Post originally appeared on Cyprus Business Mail.
“Claimants include 676 individual and institutional investors asserting 434 separate claims against Cyprus,” Wilmington-based Grant & Eisenhofer law firm said in an emailed statement.
The claimants, who are all Greek nationals, were depositors and bondholders of Cyprus Popular Bank, also known as Laiki, and the Bank of Cyprus, lost a total of over €120m in deposits and bonds in 2013, an amount “confiscated by the Cyprus government”, the law firm said.
As part of Cyprus’s bailout in March 2013, depositors at Laiki lost all their deposits in excess of €100,000. Laiki was then forced to merge with Bank of Cyprus and bondholders lost their money as the bank was still short of capital even after bonds were converted into equity. In the case of Bank of Cyprus bondholders saw their bonds too converted into equity while their stake in the bank was diluted as the lender had to convert 47.5 per cent of uninsured deposits into equity, also as part of the bailout agreement.
Both Laiki and Bank of Cyprus lost a total of €4.5bn in Greece’s 2011 debt restructuring, which virtually wiped out Laiki’s capital.
Grant & Eisenhofer, the Philadelphia-based Kessler Topaz Meltzer & Check, the Naples, Florida- based Kyros Law and the London-based Volterra Fietta are the law firms representing the claimants and filed claims at the World Bank’s arbitration body, Grant & Eisenhofer said.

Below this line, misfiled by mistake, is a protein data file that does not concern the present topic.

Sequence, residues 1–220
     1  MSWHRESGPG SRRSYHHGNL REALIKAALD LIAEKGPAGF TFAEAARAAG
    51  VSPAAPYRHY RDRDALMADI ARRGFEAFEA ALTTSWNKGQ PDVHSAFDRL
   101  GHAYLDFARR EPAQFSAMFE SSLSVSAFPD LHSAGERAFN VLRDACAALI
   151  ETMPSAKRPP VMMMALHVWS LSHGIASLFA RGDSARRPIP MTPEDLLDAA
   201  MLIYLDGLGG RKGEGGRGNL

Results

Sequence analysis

“The dispute will be adjudicated through binding arbitration,” the law firm said. “Investors earlier had filed a notice of dispute in July 2014, submitted pursuant to an investment treaty between Greece and Cyprus, which provides that the parties must first attempt to settle their dispute for at least six months. Typically in the ICSID forum, one arbitrator would be appointed by the Greek investors, one by Cyprus, and the third would be appointed by agreement, or by ICSID itself”.
“We have formally brought suit before ICSID after the Cyprus government failed to respond to our filing notice of the dispute and made no effort to negotiate,” said Jay Eisenhofer, co-managing director of Grant & Eisenhofer. “This is the first time that Greece and Cyprus’ bilateral treaty will be tested as a group action for large numbers of investors. We have since spent more than a year identifying the hundreds of claimants in this action, and anticipate additional claims of tens of millions of euros to be brought in the coming year.”
“We believe that Greek investors were singled out and discriminated against during the bailout, while Greek depositors were subject to extreme bailout measures, many public institutions of Cyprus were made exempt,” Eisenhofer added. “Our law firms have been coordinating litigation efforts in Greece for more than a year to work toward the recovery of investor funds”.
The law firm said that it has represented together with Kessler Topaz regularly investors in various cases in the past, including one against Royal Dutch Shell for “overstating its oil reserves in financial disclosures” forcing the energy company to pay more than $500m to investors.